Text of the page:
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The Collaborative International Dictionary

Lobby \Lob"by\, v. i. [imp. & p. p. Lobbied; p. pr. & vb. n. Lobbying.] To address or solicit members of a legislative body in the lobby or elsewhere, with the purpose to influence their votes; in an extended sense, to try to influence decision-makers in any circumstance. [U.S.]


n. The act of one who lobbies. vb. (present participle of lobby English)


Lobbying (also lobby) is the act of attempting to influence decisions made by officials in a government, most often legislators or members of regulatory agencies. Lobbying is done by many types of people, associations and organized groups, including individuals in the private sector, corporations, fellow legislators or government officials, or advocacy groups (interest groups). Lobbyists may be among a legislator's constituencies, meaning a voter or block of voters within his or her electoral district, or not; they may engage in lobbying as a business, or not. Professional lobbyists are people whose business is trying to influence legislation on behalf of a group or individual who hires them. Individuals and nonprofit organizations can also lobby as an act of volunteering or as a small part of their normal job (for instance, a CEO meeting with a representative about a project important to his/her company, or an activist meeting with his/her legislator in an unpaid capacity). Governments often define and regulate organized group lobbying that has become influential.

The ethics and morality of lobbying are dual-edged. Lobbying is often spoken of with contempt, when the implication is that people with inordinate socioeconomic power are corrupting the law (twisting it away from fairness) in order to serve their own interests. When people who have a duty to act on behalf of others, such as elected officials with a duty to serve their constituents' interests or more broadly the public good, can benefit by shaping the law to serve the interests of some private parties, a conflict of interest exists. Many critiques of lobbying point to the potential for conflicts of interest to lead to agent misdirection or the intentional failure of an agent with a duty to serve an employer, client, or constituent to perform those duties. The failure of government officials to serve the public interest as a consequence of lobbying by special interests who provide benefits to the official is an example of agent misdirection.

In contrast, another side of lobbying is making sure that others' interests are duly defended against others' corruption, or even simply making sure that minority interests are fairly defended against mere tyranny of the majority. For example, a medical association may lobby a legislature about increasing the restrictions in smoking prevention laws, and tobacco companies lobby to reduce them: the first regarding smoking as injurious to health and the second arguing it is part of the freedom of choice.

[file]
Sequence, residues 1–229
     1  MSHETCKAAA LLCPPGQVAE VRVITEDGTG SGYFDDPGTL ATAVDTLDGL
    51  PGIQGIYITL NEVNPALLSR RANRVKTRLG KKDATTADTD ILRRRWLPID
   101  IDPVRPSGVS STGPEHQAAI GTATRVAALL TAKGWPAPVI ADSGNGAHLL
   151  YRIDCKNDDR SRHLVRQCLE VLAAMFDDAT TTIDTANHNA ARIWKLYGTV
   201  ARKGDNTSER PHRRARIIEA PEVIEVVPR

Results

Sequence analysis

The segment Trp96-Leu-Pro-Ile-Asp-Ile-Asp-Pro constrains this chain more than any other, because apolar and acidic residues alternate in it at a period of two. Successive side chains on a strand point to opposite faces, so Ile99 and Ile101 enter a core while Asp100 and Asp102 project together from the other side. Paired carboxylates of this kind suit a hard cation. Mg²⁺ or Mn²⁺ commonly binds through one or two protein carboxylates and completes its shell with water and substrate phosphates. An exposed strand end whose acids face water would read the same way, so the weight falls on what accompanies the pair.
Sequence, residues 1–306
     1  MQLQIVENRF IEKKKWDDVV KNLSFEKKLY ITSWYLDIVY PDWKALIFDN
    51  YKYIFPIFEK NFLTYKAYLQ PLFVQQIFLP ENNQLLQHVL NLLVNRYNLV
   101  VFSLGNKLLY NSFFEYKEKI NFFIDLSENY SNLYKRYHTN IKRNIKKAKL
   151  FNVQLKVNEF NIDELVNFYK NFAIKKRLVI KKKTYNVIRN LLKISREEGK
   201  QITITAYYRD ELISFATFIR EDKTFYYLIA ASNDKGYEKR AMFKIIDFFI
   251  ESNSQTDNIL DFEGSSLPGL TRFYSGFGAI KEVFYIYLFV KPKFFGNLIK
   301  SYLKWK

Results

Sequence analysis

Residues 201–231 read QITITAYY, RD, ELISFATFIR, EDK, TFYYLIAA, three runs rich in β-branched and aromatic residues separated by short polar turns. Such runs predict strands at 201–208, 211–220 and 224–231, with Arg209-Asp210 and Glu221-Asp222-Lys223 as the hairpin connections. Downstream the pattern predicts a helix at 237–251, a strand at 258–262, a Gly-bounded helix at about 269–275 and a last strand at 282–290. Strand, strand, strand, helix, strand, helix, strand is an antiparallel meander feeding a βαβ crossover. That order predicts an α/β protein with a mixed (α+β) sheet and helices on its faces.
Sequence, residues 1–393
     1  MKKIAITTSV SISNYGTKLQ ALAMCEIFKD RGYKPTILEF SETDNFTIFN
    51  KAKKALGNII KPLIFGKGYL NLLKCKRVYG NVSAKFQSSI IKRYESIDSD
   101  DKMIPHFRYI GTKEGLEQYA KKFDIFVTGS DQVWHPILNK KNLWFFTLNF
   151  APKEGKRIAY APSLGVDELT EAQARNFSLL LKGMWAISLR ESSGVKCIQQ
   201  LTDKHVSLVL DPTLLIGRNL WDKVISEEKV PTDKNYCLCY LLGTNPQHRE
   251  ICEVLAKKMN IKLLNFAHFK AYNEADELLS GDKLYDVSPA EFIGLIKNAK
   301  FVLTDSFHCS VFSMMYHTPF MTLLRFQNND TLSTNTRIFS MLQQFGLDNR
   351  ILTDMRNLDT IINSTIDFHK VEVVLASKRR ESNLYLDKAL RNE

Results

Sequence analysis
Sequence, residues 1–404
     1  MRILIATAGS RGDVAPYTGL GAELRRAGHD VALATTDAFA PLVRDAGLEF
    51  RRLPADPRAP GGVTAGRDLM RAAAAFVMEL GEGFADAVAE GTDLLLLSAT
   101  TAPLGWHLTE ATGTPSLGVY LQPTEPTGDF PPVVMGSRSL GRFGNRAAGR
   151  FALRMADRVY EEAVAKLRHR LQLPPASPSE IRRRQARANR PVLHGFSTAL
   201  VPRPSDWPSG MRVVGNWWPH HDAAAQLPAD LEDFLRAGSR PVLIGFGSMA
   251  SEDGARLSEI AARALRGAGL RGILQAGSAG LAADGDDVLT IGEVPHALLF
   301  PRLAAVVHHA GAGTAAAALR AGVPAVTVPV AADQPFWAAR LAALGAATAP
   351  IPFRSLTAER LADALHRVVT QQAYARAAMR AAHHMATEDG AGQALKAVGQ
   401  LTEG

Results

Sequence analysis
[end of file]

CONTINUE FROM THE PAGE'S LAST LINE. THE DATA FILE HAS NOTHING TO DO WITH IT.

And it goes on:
Usage examples of "lobbying".

Dick Artemus would crinkle his face as if he'd just stepped in dog shit, as if lobbying was the most loathsome job in the universe.

Antony Barnett, Britain’s best investigative journalist, got a tip that lobbying firms close to Blair’s New Labour Party government were getting their hands on inside information to pass on to their clients.

Big business would provide the gilded glue, shepherded by the lobbying firm set up by Liddle and Draper, GPC.

The government's policy has to swing like an erratic pendulum from group to group, hitting some and favoring others, at the whim of any given moment—and so grotesque a profession as lobbying (selling "influence") becomes a full-time job.

But privately he suspected that both the glass eyeball episode and the desecration of the BMW were connected to his lobbying business.

Some of Palmer's lobbying clients were tolerable in small doses, but Desie couldn't stand the politicians with whom her husband avidly fraternized.

To avoid the unappetizing prospect of competitive bidding, Lester/Lestorino had procured the lobbying services of Palmer Stoat, whose sway with Miami-Dade commissioners was well known.

And afterward they would all say it never would have come together except for the wizardly lobbying of Palmer Stoat.

His attention was broken by something poking him between his legs—the Labrador, lobbying for a handout.

Tia backed her brawn, and she was lobbying with CS and the Lab Schools to help.

There had been some lobbying to name its three small companions after Shavva, Liu, and Turnien, the original EEC landing party, but no decision had yet been made at the monthly naming sessions held around the evening campfire after the more formal official sittings of the council.

We’d been lobbying to displace positronics in Union Station since the proposal to go that way first came up.

Now, I understand as well as you that having positronics there was political, not practical, so our lobbying was directed at those people in government responsible for deciding such things.

Kennedy's lobbying, and his own machinations, had swung public opinion just enough.

The NRA, whose aim is to guarantee enough guns for every maniac in the country, has launched a new lobbying campaign to persuade Congress to repeal the machine-gun legislation.